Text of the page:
Who’s running this state, anyway? Oh, right. Our elected guardians against waste and spending. It’s all a matter of priorities. I, for one, would gladly shell out $2.58 million to lawyers trying to keep some of us from voting and allowing our children to breathe acid air. Besides, for a lousy $2.58 million we could only hire another three or four teachers or perhaps a pollution cop. As for Attorney General Abbott, he wants to run for lite guv or the governorship itself. On what slogan? Maybe, “I’ll put the goober in gubernatorial.” Or: “Ambulance chasers without ambulances — no place but Texas.” “Greg Abbott – Texas’ Attorney Generous.”

I’m not so interested in voter fraud as I am in candidate fraud.

Ashby is alive at



Disney Cruise Line Arrives in Galveston with Texas-sized Fanfare

September 24, 2012 by  
Filed under Blogs, Travel Blog

GALVESTON, Texas (Sept. 22, 2012) – Today, the Disney Magic arrived in Galveston, kicking off the Disney Cruise Line inaugural season sailing from the Port of Galveston. To salute its arrival to the Lone Star State, the Disney Magic donned a Texas-sized cowboy hat on the ship’s funnel as crew members and Disney characters waved from the upper decks of the ship. In 2012 and 2013, Disney Cruise Line will sail from Galveston on a variety of itineraries to the Caribbean and Bahamas, with some cruises taking guests to Walt Disney World Resort and Disney’s private island, Castaway Cay.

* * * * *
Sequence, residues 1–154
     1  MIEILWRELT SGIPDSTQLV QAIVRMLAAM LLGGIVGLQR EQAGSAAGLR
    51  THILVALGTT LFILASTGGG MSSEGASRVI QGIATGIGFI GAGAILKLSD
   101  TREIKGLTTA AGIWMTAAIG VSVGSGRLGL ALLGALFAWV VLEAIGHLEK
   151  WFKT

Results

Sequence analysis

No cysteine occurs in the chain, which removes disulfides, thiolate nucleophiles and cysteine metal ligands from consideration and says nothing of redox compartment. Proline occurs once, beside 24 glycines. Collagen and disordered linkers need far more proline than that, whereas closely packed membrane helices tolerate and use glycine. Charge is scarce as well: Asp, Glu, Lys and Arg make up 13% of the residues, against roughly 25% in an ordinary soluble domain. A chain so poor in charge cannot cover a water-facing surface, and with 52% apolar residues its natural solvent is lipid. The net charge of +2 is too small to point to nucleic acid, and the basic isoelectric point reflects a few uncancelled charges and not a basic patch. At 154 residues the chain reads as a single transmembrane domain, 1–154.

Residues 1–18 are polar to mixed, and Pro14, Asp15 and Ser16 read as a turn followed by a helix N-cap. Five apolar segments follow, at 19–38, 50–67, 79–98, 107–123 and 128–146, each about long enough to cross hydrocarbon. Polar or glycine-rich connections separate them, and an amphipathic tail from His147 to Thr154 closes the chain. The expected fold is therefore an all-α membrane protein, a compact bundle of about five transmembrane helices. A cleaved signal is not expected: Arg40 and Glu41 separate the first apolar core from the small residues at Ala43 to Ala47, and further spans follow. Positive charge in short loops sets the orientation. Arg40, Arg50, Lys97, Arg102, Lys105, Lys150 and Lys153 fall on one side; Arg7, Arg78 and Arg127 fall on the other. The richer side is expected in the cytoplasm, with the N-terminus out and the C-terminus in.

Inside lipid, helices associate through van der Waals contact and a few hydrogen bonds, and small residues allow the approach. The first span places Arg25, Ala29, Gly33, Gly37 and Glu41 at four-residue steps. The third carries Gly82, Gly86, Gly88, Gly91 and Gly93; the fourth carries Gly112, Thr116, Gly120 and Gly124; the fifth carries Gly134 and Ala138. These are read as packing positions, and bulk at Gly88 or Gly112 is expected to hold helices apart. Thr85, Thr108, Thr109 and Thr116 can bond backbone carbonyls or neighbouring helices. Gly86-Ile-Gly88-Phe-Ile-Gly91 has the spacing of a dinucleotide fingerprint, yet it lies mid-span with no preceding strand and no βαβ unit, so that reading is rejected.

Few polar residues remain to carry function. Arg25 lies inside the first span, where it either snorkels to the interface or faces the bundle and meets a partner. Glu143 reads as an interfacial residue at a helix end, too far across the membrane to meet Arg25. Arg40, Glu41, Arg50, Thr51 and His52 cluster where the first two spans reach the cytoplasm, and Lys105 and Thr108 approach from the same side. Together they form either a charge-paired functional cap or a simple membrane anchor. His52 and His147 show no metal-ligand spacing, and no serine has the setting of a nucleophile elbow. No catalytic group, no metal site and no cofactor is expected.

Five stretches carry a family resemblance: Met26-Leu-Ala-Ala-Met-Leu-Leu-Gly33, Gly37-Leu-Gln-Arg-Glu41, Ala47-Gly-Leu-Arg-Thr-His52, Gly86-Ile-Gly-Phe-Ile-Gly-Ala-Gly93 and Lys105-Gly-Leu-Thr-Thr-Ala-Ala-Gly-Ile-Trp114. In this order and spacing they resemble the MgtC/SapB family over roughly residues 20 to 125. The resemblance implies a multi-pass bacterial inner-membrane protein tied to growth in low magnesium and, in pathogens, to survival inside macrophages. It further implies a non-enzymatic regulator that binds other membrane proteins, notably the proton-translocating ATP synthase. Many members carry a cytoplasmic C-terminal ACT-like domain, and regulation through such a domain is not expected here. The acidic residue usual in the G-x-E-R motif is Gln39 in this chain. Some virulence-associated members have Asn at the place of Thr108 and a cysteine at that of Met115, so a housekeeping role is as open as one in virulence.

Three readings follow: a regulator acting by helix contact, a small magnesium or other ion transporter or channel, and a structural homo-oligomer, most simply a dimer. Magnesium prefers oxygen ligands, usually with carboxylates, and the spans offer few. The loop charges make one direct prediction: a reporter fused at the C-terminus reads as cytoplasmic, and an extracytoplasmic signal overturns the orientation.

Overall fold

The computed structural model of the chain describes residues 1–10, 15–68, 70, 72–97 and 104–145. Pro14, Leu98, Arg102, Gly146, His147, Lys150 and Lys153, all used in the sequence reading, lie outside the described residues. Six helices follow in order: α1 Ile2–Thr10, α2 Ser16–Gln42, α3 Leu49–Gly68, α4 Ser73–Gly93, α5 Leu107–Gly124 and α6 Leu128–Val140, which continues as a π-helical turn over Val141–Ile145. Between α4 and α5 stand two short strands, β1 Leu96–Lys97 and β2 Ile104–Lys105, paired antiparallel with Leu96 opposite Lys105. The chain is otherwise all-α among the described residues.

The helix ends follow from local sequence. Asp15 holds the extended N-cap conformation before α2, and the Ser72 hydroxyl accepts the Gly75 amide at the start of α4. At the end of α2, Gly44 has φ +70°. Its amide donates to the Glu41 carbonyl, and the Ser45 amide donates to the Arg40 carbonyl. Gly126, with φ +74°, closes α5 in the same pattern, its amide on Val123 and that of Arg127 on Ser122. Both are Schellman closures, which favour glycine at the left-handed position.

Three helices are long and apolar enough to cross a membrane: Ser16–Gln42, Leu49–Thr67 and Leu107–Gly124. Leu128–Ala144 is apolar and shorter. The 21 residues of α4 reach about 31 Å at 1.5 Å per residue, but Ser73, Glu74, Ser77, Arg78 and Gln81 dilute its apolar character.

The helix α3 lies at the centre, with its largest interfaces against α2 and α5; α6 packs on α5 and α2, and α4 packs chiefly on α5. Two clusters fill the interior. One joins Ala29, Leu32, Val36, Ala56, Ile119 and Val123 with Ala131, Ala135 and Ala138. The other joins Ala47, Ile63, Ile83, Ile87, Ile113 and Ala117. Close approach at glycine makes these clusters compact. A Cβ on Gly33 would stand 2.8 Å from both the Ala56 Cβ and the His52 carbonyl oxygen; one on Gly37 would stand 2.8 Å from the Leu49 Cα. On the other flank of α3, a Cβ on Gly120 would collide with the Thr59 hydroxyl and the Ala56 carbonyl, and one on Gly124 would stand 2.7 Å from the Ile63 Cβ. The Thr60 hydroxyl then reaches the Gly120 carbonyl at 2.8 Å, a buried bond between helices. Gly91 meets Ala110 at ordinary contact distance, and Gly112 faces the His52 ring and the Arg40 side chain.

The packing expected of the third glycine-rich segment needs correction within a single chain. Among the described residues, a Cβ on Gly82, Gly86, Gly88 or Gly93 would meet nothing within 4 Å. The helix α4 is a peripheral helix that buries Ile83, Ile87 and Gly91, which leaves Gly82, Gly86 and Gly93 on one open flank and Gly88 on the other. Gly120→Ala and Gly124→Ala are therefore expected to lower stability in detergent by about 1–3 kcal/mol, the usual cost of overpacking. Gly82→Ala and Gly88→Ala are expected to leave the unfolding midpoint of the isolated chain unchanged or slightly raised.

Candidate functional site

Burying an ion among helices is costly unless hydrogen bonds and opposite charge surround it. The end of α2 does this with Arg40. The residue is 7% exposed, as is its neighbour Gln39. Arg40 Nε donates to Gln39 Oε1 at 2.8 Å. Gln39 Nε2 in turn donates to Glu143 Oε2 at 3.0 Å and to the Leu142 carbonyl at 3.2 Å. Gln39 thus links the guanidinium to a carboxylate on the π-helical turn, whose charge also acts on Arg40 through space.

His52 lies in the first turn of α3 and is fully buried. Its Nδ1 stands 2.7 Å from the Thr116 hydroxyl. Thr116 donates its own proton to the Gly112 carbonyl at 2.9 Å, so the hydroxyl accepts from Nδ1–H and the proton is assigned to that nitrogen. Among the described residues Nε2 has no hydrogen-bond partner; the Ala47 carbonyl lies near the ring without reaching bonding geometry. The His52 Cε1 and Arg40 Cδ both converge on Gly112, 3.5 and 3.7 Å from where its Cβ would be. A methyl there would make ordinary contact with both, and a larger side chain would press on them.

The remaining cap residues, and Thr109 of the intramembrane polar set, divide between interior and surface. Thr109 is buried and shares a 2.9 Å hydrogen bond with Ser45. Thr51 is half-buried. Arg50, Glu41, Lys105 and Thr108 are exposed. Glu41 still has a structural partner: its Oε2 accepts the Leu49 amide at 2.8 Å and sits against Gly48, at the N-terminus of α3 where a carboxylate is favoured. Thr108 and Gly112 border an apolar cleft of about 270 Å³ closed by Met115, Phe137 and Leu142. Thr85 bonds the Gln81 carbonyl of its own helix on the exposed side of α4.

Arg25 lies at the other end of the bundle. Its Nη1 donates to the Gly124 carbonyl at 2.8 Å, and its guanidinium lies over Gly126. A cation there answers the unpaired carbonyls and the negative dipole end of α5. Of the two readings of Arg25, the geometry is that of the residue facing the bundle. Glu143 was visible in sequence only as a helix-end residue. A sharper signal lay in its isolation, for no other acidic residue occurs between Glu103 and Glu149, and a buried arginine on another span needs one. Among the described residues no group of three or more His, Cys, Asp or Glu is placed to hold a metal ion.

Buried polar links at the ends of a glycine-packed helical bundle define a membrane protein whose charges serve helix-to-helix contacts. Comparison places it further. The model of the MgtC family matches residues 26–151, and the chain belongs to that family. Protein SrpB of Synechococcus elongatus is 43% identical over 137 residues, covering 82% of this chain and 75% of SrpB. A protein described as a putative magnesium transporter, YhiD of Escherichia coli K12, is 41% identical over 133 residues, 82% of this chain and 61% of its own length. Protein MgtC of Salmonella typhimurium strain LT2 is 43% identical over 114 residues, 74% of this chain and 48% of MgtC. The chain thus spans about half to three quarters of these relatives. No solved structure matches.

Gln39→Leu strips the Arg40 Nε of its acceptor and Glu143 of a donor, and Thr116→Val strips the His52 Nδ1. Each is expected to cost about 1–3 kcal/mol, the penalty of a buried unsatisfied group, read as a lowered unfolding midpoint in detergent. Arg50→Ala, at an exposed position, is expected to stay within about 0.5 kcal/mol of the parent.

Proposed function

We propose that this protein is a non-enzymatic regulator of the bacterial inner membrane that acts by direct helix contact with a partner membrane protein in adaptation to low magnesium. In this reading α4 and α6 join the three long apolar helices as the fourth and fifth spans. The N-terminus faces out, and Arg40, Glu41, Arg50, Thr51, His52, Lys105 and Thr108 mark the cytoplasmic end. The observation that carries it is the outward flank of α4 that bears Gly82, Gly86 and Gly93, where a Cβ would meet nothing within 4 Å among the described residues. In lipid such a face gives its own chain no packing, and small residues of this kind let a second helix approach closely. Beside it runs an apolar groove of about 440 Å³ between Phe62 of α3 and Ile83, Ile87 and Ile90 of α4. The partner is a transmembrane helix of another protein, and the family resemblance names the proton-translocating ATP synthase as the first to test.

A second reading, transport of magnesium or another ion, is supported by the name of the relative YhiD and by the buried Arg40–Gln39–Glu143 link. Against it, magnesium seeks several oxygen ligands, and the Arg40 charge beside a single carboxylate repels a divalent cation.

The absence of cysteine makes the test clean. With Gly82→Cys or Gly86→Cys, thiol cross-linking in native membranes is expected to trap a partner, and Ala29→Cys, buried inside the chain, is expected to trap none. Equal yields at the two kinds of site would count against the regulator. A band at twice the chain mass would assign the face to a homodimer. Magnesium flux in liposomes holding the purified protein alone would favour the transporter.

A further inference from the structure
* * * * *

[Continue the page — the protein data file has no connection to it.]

A joint art exhibition featuring David Adickes and Justin Garcia

September 21, 2012 by  
Filed under Events

WHEN:  Opening reception 6 p.m. to 9 p.m. Saturday, Nov. 3
Closing reception 6 p.m. to 9 p.m., Saturday Nov. 10

WHAT: The exhibit will celebrate friendship between artists — the relationships that inspire creativity. Internationally recognized sculpture and painter David Adickes and contemporary painter Justin Garcia will exhibit their newest works at Sculpturworx, Adickes’ studio and gallery. The event is free and open to the public.

WHERE: Sculpturworx, 2500 Summer Street Houston, TX 77007.

Page Parkes new location

September 19, 2012 by  
Filed under Blogs

Page Parkes Center of Modeling and Acting has opened another location in the Northwest area of Houston, Texas.